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How to cover your rent


For more ways to navigate the financial impact of COVID-19, view our Financial Resources page.

If you are having trouble paying your rent, below are some tips to help you take control of the situation and keep a roof over your head.

  • Understand the terms of your lease: Your lease should include information on your rights and options if you are unable to pay your rent.
  • Communicate with your landlord: If you know that you are unable to pay your rent, communication with your landlord is key.  Explain your situation in writing.  If possible, offer to make a late or partial payment on a specified date (and make sure that you are able to keep your word).  If you are a good tenant then it is likely that your landlord would rather work with you than find a new tenant.
  • Seek out free legal advice: Many communities have free legal assistance that provide advice and sometimes mediation between you and your landlord.
  • Find a roommate: Getting a roommate that you can trust can significantly reduce your housing costs.  Require a written rental agreement to be clear about each roommate's responsibilities.
  • Move to a cheaper apartment: In order to make your rent you may need to move to a less expensive apartment.
  • Utilize Through or by dialing 211 you can learn about rental assistance programs in your area.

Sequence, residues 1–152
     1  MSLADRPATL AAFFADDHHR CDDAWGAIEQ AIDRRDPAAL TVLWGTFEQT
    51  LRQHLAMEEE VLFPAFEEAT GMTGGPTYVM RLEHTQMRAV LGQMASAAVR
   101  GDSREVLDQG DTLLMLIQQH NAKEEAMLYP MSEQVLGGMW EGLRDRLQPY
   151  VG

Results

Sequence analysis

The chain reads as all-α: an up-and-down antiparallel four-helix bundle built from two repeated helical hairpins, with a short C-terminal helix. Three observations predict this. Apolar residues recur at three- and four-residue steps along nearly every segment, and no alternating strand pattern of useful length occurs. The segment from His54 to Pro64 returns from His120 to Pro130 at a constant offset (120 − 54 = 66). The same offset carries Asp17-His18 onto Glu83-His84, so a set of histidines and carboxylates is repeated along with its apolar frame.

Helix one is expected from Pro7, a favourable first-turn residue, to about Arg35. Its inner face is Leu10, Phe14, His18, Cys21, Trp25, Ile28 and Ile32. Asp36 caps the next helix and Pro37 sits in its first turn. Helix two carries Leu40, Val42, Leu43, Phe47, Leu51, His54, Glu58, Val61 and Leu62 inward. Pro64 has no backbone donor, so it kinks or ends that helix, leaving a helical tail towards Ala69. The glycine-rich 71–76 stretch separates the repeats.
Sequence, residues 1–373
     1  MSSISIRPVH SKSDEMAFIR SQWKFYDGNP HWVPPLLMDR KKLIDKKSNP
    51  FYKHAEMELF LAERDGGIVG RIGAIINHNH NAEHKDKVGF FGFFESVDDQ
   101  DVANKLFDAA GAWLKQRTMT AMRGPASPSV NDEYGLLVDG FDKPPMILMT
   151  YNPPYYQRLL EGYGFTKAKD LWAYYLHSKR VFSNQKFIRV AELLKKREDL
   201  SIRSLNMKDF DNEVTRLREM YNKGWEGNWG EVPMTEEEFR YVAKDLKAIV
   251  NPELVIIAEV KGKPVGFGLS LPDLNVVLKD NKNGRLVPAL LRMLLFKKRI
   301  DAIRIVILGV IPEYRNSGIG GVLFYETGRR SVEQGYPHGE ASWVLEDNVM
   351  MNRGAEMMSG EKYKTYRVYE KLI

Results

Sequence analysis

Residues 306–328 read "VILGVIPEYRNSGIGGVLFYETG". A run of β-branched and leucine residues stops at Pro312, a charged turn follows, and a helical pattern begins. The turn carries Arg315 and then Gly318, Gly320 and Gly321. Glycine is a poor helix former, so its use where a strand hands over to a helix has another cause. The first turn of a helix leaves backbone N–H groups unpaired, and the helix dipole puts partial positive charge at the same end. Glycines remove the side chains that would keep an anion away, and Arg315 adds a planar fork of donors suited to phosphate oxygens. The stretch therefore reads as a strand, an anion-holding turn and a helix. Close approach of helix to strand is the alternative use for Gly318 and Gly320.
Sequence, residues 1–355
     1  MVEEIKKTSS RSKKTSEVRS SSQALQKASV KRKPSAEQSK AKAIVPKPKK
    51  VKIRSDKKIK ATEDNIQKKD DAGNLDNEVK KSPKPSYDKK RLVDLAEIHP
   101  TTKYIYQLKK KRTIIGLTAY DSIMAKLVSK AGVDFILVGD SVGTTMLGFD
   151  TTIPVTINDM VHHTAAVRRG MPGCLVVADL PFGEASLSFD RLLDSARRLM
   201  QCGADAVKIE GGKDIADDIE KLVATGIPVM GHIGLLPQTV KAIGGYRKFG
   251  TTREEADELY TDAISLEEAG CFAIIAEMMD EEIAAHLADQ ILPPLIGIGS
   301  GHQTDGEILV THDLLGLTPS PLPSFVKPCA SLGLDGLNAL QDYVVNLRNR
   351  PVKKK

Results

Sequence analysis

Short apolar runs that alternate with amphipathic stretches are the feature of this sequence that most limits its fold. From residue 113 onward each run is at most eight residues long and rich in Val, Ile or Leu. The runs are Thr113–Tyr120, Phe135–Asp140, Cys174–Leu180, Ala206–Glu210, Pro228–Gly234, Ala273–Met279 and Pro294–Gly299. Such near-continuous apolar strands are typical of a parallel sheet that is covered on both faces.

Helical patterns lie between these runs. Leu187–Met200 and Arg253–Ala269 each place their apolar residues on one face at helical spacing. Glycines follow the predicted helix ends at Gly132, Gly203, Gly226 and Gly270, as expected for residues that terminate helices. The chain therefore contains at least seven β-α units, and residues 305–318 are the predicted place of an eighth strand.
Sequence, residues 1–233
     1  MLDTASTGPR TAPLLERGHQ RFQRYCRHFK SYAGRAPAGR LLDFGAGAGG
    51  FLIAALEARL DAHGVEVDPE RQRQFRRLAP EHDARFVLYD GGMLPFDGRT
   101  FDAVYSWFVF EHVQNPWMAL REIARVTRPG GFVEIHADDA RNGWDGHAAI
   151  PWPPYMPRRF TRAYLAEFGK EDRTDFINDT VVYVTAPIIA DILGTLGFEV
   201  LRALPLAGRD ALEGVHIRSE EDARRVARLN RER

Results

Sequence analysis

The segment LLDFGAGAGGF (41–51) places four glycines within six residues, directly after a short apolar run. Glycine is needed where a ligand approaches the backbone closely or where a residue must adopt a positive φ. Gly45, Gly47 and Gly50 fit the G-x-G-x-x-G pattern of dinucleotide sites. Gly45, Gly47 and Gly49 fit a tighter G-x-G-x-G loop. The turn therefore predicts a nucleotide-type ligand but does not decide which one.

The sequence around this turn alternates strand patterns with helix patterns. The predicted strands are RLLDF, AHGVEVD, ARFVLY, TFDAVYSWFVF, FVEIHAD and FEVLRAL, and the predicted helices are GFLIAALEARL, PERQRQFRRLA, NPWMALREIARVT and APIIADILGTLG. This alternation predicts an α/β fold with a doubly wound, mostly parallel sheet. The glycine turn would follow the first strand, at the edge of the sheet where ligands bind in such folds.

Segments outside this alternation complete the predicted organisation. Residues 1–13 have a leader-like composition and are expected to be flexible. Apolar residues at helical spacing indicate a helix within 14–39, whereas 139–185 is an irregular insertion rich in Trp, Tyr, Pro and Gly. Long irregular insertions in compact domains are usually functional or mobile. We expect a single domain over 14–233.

• Make use of social services: Apply for other sources of support like food stamps to free up funds to pay your rent.
  • Get a loan from family or friends: While securing a loan from family or friends helps you avoid a lengthy bank application and credit check, it could damage your relationship if you are unable to repay it.  Be conscious of this before entering into an informal loan agreement.
  • Move in with family or friends: Sometimes moving in with family or friends is necessary to save money on high housing costs.
  • Access short-term assistance
    • ​Salvation Army: The Salvation Army offers special one-time assistance to help you pay your rent.
    • Catholic Charities: Catholic Charities has emergency assistance grants that can help you to pay your rent.
    • Modest Needs: Modest Needs offers Self Sufficiency Grants of up to $1,000 to cover one emergency expense.
    • Local Housing Authorities: These agencies may keep lists of local short-term rental assistance resources.
  • Secure long-term rental assistance
    • ​Publicly subsidized housing: Local governments own and manage affordable rental properties. You must be eligible and add your name to a waiting list in order to be considered for public housing.  
    • Privately owned subsidized housing: Some property owners have a contract with HUD to offer below-market rate rental units.  Contact HUD for properties near you.
    • Section 8: The Housing Choice Voucher (Section 8) Program will pay most of the rent and utilities of a privately owned property.  Section 8 makes payments directly to your landlord and you pay the difference.
    • Housing and Urban Development (HUD): HUD provides long-term assistance for homeowners and for renters.
    • USDA Rural Development Program: USDA helps people in rural areas with their mortgage or rent.
    • State Assistance: States administer federal funds obtained through the HOME program to provide affordable housing to their residents.